The Tecnam P2012 has FIKI. The company announced that its twin would get flight into known icing (FIKI) certification at the same time as the plane earns its type certification, which it expects by the end of 2018.
The P2012 is an eleven-seat, high-wing, fixed-gear, twin hauler powered by a pair of 375-hp Lycoming TEO-540 engines. Tecnam’s launch customer is Cape Air, which signaled its intentions to buy 100 of the planes to replace its aging and increasingly expensive to maintain fleet of Cessna cabin-class twins. Cape Air, the largest independent airline in the United States, will use the P2012s to provide scheduled air service at locations around the world.
The FIKI certification was a tall order. The system Tecnam chose for the P2012—CAV Ice Protection’s TKS system—uses a titanium strip drilled with millions of tiny holes through which deicing fluid gets pumped. TKS is familiar to many pilots, as it is installed in thousands of high performance singles.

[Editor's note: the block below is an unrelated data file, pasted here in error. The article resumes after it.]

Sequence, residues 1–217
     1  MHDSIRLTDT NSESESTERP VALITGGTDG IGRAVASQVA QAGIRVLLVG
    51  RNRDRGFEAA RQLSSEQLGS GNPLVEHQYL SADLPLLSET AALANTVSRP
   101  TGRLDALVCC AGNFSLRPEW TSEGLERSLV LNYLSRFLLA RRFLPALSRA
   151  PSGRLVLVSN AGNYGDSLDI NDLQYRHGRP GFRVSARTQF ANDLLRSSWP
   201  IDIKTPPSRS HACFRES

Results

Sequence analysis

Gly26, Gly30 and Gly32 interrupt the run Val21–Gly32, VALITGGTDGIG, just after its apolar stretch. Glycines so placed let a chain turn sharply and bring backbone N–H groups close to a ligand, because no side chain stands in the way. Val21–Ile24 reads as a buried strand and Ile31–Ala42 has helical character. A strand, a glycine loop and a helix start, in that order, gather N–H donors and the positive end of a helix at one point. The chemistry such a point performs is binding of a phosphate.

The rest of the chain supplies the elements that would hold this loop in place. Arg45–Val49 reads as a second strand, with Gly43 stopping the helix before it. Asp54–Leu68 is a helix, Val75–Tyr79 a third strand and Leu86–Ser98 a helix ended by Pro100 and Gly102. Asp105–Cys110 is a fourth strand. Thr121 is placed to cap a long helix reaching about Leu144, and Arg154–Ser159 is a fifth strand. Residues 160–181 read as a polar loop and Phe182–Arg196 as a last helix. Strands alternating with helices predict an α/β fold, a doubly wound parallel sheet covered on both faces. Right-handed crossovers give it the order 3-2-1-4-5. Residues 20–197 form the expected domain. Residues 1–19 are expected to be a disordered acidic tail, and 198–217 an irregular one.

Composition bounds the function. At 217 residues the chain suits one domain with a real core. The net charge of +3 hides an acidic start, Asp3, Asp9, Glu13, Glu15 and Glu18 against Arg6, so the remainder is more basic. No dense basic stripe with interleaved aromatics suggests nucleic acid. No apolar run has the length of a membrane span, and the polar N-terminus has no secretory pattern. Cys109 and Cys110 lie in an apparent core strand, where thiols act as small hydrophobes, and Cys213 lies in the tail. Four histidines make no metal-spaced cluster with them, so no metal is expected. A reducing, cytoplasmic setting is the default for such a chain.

The TKS system has both an anti- and de-ice capabilities. It works on the “weeping-wing” concept, where an ethylene glycol-based fluid (TKS fluid) is dispersed from panels mounted on aircraft surfaces. The fluid flows over the surfaces, lowering the freezing point of liquid water it comes into contact with. It can also “chemically break down the bond between the ice and airframe, allowing the aerodynamic forces on the ice to carry it away.”
FIKI is a certified system that allows the pilot to transit known icing conditions, so redundancy and capability are a must. The system on the P2012 features dual pumps, separated electrical systems, protected wing, horizontal and vertical tail surfaces, as well as deicing for the windshield and for the props. The system also has multiple flow rates, deicing fluid tank capacity gauges and a push button that sends fluid to the windshield in four-second bursts while the pilot pushes the button down.
The first production P2012s are scheduled to go to Cape Air in early 2019.
Learn more at Tecnam.